Merton’s brilliant section of loving “society”:
Do not ask me to love my brother merely in the name of an abstraction – “society,” the “human race,” the “common good.” Do not tell me that I ought to love him because we are both “social animals.” These things are so much less than the good that is in us that they are not worthy to be invoked as motives of human love. You might as well ask me to love my mother because she speaks English.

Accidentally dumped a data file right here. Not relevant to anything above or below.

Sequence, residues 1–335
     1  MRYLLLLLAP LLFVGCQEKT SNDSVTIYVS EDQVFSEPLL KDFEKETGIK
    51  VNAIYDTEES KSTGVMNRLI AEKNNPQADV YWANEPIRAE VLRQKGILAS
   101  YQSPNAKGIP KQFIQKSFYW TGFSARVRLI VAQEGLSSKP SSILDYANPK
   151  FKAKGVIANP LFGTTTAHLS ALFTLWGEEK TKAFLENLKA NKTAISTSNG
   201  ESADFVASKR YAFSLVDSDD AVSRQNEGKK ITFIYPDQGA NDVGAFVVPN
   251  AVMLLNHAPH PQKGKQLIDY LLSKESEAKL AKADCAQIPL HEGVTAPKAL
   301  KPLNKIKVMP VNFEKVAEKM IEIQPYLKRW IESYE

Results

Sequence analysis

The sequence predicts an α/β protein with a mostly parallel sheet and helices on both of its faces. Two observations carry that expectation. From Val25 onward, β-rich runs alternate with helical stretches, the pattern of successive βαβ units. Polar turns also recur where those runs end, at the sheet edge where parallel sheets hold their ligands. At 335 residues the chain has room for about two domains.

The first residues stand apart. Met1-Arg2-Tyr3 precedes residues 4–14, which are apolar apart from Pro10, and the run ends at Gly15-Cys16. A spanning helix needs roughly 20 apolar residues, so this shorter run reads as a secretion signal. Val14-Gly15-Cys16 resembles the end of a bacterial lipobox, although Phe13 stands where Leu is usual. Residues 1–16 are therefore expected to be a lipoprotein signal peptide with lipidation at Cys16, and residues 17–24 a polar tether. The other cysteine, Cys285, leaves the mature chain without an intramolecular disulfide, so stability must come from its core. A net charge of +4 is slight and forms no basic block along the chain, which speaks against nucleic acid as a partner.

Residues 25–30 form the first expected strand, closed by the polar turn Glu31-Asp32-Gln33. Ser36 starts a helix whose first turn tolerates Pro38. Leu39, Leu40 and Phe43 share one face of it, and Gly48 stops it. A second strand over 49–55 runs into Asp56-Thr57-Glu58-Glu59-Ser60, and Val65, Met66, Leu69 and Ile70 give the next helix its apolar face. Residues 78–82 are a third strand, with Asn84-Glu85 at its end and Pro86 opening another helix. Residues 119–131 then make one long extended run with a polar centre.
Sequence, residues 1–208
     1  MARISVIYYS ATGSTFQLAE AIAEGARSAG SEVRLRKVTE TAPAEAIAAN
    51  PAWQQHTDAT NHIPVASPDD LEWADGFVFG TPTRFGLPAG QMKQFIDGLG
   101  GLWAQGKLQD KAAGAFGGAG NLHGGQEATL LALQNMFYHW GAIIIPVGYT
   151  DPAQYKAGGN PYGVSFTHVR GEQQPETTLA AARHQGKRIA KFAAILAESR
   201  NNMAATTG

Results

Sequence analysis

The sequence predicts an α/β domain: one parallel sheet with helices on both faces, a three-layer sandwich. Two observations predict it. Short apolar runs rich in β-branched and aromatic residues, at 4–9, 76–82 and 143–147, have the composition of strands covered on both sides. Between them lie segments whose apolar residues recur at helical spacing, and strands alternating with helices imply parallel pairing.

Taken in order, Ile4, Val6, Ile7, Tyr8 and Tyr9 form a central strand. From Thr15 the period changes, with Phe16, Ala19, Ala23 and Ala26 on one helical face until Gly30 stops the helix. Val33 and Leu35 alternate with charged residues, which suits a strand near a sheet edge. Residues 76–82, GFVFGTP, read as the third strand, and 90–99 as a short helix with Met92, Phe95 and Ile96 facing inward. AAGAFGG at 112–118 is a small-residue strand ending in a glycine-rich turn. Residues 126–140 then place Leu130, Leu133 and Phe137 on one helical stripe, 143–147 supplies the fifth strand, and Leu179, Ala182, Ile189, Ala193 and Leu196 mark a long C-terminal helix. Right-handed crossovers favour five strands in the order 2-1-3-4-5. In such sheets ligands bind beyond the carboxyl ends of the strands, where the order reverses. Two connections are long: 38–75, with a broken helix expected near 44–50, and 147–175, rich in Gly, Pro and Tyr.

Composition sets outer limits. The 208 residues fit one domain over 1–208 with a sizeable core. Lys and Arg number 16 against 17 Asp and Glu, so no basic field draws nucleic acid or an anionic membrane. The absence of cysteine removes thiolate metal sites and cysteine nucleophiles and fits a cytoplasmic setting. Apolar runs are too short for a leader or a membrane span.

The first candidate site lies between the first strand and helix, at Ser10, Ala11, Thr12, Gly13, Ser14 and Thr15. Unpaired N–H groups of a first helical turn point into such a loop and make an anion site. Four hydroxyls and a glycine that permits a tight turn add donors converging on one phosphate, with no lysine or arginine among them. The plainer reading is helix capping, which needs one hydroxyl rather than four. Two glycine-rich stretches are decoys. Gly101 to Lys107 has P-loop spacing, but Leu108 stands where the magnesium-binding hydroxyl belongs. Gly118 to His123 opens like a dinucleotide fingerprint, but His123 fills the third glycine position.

We need abstractions, perhaps, in order to understand our relations with one another. But I may understand the principles of ethics and still hate other men. If I do not love other men, I will never discover the meaning of te “common good.” Love is, itself, the common good.
There are plenty of men who will give up their interests for the sake of “society,” but cannot stand any of the people they live with. As long as we regard other men as obstacles to our own happiness we are the enemies of society and we have only a very small capacity for sharing in the common good.
-Thomas Merton, No Man is an Island, (forgot the ref.)